"Rapid DNA" machines are a new phenomenon in criminal justice. Able to process a DNA sample in just 90 minutes, they're often called "the magic box." The machines are small enough to be used by police departments. Until now, DNA testing has been performed exclusively by forensic scientists in neutral, accredited labs.
When Rapid DNA was tried in Sweden, the Swedish Forensic Center shut the program down before the trial was over. For one thing, almost a quarter of the blood samples tested didn't result in a usable DNA profile -- and the test consumed the sample.
More concerning, at least one faulty profile was produced without any indication that something had gone wrong. That could have meant a faulty profile being accepted in court and uploaded into a DNA database to cause havoc later.
Yet police departments in the U.S. are adopting Rapid DNA as if there were no question about its reliability as evidence. They're even using it to develop leads by testing crime scene evidence. The machine was never designed to handle crime scene evidence, according to numerous scientists interviewed by the New York Times, because it often contains the DNA of more than one person.
Last January, the National District Attorneys Association stated it "does not support the use of Rapid DNA technology for crime-scene DNA samples unless the samples are analyzed by experienced DNA analysts," but the practice continues.
Another troubling aspect of Rapid DNA machines is that police can use them after just a few hours of training, and there are no rigorous protocols for handling samples as there would be in an accredited lab.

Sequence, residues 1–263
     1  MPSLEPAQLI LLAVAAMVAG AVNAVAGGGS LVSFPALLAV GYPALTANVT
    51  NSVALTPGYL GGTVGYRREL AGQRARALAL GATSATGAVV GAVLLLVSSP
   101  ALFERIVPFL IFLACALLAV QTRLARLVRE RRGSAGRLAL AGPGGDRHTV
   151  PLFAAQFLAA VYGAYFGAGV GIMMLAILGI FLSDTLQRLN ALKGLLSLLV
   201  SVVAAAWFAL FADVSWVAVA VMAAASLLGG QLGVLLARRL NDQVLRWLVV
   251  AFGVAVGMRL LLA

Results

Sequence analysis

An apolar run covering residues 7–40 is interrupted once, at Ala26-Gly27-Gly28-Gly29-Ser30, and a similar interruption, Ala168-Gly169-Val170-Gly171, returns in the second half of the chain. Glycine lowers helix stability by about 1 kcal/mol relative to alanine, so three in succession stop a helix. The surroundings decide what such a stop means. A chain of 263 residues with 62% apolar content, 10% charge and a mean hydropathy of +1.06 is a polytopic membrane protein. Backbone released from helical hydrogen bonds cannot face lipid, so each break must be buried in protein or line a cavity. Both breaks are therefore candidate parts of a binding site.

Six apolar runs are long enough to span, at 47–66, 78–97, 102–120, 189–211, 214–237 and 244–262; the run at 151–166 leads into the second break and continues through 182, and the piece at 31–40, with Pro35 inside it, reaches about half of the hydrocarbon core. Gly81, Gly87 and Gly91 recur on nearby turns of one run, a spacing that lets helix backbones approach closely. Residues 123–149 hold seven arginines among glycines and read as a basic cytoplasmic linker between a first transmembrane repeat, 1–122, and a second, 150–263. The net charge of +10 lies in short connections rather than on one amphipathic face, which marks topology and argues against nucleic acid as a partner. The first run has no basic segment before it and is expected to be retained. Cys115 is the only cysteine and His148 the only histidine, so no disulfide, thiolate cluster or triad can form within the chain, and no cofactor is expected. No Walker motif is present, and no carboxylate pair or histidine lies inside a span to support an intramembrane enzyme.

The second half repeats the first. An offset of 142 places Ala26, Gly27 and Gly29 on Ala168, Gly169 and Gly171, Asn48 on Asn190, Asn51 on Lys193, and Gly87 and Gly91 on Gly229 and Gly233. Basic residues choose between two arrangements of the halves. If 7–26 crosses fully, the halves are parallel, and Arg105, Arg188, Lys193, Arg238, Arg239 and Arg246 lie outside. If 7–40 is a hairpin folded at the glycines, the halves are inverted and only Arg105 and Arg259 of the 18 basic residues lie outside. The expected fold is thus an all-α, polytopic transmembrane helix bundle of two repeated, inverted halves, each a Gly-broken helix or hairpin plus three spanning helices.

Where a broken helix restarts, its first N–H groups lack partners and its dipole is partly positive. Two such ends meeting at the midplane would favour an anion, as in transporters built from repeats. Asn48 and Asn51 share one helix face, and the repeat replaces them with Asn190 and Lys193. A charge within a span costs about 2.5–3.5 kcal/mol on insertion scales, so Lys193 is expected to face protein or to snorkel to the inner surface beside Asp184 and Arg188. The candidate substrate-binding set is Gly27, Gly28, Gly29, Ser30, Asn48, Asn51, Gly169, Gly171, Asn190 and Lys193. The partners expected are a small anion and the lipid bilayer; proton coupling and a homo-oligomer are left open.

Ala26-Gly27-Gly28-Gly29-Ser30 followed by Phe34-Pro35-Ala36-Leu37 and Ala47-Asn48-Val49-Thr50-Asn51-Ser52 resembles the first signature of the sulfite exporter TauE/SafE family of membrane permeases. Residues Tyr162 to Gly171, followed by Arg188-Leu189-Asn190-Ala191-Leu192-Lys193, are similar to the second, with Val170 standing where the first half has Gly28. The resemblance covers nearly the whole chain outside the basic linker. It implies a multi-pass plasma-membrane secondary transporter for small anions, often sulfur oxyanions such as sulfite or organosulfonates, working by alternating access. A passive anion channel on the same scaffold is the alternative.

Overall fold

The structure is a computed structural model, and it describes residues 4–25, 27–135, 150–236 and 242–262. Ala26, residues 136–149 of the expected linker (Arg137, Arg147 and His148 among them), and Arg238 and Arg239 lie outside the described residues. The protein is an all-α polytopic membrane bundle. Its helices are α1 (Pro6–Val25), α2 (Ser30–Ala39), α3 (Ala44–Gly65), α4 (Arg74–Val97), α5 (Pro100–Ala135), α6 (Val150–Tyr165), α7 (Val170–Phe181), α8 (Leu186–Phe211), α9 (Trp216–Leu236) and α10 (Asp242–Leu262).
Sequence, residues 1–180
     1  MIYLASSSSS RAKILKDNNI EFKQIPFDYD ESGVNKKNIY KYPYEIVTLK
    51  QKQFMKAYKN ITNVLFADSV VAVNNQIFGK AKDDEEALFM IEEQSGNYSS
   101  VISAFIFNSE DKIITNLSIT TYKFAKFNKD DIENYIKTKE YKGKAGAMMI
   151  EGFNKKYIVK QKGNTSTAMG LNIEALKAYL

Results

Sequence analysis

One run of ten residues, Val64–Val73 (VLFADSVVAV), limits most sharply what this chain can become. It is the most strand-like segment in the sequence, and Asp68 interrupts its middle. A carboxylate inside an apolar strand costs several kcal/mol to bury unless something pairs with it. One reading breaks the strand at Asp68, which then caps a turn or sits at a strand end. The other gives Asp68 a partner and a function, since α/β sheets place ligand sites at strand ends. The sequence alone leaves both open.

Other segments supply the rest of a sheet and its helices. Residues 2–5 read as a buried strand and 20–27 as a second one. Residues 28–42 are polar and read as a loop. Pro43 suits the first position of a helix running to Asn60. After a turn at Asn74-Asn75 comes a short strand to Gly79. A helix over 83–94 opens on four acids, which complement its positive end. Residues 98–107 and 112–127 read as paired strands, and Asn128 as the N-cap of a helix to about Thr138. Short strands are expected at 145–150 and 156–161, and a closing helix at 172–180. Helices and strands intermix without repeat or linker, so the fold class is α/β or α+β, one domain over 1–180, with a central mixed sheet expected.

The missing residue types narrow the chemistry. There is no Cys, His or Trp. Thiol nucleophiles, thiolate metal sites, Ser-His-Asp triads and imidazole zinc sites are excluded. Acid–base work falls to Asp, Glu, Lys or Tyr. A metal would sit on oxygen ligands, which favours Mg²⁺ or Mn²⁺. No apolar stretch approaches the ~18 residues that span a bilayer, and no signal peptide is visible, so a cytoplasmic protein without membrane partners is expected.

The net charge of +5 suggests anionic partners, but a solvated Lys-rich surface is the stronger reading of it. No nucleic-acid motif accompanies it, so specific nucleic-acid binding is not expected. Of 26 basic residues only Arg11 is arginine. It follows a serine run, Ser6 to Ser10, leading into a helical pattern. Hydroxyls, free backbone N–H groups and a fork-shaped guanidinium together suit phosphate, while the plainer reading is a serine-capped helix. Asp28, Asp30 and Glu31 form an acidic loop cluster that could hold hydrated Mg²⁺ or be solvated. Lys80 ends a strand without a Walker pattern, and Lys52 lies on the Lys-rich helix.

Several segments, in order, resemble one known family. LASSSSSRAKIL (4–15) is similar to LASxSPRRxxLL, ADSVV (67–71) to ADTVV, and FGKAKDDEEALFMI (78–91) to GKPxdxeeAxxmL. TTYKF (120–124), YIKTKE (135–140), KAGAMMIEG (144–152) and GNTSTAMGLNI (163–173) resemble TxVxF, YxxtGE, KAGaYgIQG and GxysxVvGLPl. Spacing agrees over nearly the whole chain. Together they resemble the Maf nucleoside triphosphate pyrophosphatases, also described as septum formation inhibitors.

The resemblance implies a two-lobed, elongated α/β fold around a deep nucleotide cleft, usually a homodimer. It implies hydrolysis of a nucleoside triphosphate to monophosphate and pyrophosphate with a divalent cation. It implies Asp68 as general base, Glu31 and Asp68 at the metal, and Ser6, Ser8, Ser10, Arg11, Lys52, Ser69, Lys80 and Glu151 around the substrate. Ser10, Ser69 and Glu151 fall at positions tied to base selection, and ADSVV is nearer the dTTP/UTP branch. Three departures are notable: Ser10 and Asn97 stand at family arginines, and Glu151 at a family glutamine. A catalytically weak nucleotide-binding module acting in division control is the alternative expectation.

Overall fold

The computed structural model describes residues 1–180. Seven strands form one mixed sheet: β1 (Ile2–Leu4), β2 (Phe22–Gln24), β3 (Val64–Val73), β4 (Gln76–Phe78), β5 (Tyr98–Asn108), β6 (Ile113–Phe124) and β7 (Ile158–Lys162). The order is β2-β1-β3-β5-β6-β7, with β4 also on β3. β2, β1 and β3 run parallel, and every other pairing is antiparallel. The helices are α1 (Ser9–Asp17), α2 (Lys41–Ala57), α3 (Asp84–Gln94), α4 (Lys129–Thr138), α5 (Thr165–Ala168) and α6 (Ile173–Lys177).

"There really are no actual rules written anywhere," one detective told the Times.
Currently, DNA samples tested by police only end up in county DNA databases, but that could be changing. The FBI is currently setting up a process for select departments to upload DNA profiles gathered via cheek swab directly to the national CODIS database. If these samples aren't as reliable as those tested by forensic scientists, police could be uploading shoddy data that could later be introduced as evidence in criminal cases.
Beyond the technical issues, the entire idea of having police gathering and testing DNA samples is deeply problematic. We shouldn't be starting from the standpoint that everyone is a suspect to be matched with a crime, according to Erin Murphy, a New York University law professor. Moreover, police may focus their sample gathering on people of color and the poor, who are often unjustifiably thought suspicious due to bias.
"You have nothing to fear if you're not going to be a criminal," said a spokesperson for one police department.
Really? With all of the problems revealed in recent years about the unreliability of law-enforcement authorized crime labs and numerous high-profile cases of crime lab analyst misconduct affecting tens of thousands of cases in Massachusetts, New Jersey and elsewhere, do Americans really want even less trained and unqualified police officers producing DNA evidence profiles?